Paris is a two-player board game by José Antonio Abascal infused with Parisian aesthetics by the boardgame’s artist Oriol Hernández. The game is set in late 19th century Paris during the 1889 “Exposition Universelle,” or world’s fair, when public electricity was a hot topic. Electricity spread throughout the city, creating today’s beautiful nocturnal Parisian streets and coining Paris’s nickname “La Cité de la Lumiére”, the city of lights.
The most well-lit buildings are admired more highly by passers-by. In the first phase, players can either place tiles or grow their reserve of buildings. The cobblestone tiles are divided into 4 random spaces (their color, their opponents’ color, a streetlight or a mixed-color space where either player can build).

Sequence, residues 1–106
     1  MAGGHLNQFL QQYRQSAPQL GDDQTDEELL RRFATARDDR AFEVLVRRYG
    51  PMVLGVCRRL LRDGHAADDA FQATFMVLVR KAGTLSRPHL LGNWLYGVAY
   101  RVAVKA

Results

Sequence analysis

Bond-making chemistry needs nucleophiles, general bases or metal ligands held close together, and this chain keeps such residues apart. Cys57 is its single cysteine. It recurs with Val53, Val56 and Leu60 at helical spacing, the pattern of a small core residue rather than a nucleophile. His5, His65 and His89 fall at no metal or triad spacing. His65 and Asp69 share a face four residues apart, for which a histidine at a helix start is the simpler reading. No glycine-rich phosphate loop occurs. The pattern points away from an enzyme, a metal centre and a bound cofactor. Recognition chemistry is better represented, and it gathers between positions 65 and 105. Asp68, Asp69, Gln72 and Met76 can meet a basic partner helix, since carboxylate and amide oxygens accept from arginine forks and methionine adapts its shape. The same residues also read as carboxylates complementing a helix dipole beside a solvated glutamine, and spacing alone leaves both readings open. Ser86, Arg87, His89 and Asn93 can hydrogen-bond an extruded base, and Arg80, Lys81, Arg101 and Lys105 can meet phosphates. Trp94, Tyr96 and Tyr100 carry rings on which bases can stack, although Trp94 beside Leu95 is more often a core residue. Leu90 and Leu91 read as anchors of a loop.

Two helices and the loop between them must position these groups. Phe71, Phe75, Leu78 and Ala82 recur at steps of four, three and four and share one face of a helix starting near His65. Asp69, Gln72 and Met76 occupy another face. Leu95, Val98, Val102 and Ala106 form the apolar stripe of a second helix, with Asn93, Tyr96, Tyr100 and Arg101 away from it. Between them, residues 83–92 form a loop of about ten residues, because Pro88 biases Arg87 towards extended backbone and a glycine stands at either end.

Then, in the second phase, players build on top of their color or the mixed spaces, in effort to position their buildings as close to as many streetlights as possible. More streetlights solicit more adoration and points. The player with the best lit buildings steals the hearts of Parisian pedestrians and wins the game.
There are a lot of games where players take Tetris-like pieces and place them on their own boards, they tend to be fairly solitary experiences, but not Paris; both players go head-to-head, building up the same board, and then placing buildings and using powers, trying to maximise their turns while eeking out their opponent's options. This game is not outright mean, but you will find yourself dancing with your opponent in a space that is rather small and toes do get stood on.